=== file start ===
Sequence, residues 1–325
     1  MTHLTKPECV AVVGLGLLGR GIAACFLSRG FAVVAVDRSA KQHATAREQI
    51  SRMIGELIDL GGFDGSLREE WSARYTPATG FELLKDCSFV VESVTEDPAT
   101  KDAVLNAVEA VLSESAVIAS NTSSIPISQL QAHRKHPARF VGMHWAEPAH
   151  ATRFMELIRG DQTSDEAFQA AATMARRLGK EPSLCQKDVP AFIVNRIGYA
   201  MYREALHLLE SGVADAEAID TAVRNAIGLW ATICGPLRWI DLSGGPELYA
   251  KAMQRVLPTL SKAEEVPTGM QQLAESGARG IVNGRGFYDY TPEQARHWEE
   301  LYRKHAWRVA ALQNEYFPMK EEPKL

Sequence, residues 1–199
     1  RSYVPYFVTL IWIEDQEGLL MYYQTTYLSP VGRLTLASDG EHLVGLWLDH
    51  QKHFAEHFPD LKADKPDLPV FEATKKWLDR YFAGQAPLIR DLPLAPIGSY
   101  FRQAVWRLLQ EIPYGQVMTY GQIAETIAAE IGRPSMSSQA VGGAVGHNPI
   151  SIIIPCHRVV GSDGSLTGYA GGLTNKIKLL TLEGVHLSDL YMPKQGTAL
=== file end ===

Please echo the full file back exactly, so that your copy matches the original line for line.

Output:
Sequence, residues 1–325
     1  MTHLTKPECV AVVGLGLLGR GIAACFLSRG FAVVAVDRSA KQHATAREQI
    51  SRMIGELIDL GGFDGSLREE WSARYTPATG FELLKDCSFV VESVTEDPAT
   101  KDAVLNAVEA VLSESAVIAS NTSSIPISQL QAHRKHPARF VGMHWAEPAH
   151  ATRFMELIRG DQTSDEAFQA AATMARRLGK EPSLCQKDVP AFIVNRIGYA
   201  MYREALHLLE SGVADAEAID TAVRNAIGLW ATICGPLRWI DLSGGPELYA
   251  KAMQRVLPTL SKAEEVPTGM QQLAESGARG IVNGRGFYDY TPEQARHWEE
   301  LYRKHAWRVA ALQNEYFPMK EEPKL

Sequence, residues 1–199
     1  RSYVPYFVTL IWIEDQEGLL MYYQTTYLSP VGRLTLASDG EHLVGLWLDH
    51  QKHFAEHFPD LKADKPDLPV FEATKKWLDR YFAGQAPLIR DLPLAPIGSY
   101  FRQAVWRLLQ EIPYGQVMTY GQIAETIAAE IGRPSMSSQA VGGAVGHNPI
   151  SIIIPCHRVV GSDGSLTGYA GGLTNKIKLL TLEGVHLSDL YMPKQGTAL